A class action lawsuit has been filed against Apple in regards to Siri quality control program recordings, alleging that the filer who may or may not have been recorded has been damaged by Apple's doing so, and that Apple never disclosed that recordings may be retained.
Filed on the August 7, the suit arises from what it calls Apple's "unlawful and intentional recording of individuals' confidential communications without their consent" from late 2011 to present day. The suit alleges that this is in violation of several California laws, including the California Invasion of Privacy act.
California law prohibits the recording of verbal communications without the consent of all parties involved. The suit claims that users give consent only when "Hey Siri" has been explicitly said or a gesture has been performed, and claims that any other recording would be non-consensual. The lawsuit also alleges that there is reasonable concern that government agencies are looking to voiceprint the populace by recording and storing voice samples, even though Apple anonymizes recordings and keeps them discrete from identifying iCloud accounts.
The class action suit is currently seeking a court ruling that Apple has violated California's privacy laws and civil code. Additionally, it demands that Apple must delete all recordings of class members and take measures to prevent further recording of the class members without their consent.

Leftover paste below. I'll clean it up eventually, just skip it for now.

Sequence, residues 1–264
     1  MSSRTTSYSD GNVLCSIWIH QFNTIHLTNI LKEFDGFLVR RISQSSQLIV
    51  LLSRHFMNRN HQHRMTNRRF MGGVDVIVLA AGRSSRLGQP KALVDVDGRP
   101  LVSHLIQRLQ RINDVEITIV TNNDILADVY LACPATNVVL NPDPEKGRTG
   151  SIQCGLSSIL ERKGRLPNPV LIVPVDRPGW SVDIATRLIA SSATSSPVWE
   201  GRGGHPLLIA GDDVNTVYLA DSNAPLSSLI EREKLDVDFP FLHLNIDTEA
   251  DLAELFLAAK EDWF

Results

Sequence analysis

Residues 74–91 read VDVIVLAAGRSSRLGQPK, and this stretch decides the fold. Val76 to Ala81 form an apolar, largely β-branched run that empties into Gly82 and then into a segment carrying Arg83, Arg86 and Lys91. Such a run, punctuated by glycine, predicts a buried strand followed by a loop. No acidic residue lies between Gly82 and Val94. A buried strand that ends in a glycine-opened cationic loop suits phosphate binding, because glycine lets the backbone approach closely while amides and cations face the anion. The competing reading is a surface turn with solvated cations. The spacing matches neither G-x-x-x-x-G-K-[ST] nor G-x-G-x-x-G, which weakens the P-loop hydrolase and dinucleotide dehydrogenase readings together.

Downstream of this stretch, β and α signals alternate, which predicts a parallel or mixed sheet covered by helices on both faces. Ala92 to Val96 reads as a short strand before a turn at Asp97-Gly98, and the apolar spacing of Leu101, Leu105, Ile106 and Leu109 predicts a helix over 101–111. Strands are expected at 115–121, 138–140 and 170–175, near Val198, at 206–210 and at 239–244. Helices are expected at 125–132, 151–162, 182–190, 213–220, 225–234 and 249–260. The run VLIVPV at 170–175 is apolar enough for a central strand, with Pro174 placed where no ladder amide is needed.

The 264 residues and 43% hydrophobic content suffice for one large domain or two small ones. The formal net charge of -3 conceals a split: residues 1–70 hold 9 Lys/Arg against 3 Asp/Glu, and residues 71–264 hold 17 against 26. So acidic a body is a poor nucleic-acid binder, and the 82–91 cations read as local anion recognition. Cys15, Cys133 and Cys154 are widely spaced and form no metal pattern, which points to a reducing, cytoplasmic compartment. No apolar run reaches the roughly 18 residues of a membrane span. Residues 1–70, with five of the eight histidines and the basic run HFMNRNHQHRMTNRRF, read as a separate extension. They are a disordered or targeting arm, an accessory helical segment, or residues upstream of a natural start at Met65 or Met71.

Apple suspended the Siri quality control program five days before the suit was filed. Apple has also said that once it is reinstated in a future update, Apple will allow users to opt out.
The filers are also seeking nominal, statutory, and punitive damages where applicable, with interest. Each individual person in the class action suit would be required to prove they were recorded without their consent and suffered financial damage as a result for a positive ruling awarding damages.
Anyone who wishes to remove any voice recordings deleted are able to do so, as we have detailed here. The numbers of retained recordings for quality assurance purposes are very low, so the odds are likely for any given user that there is no retained data in the first place.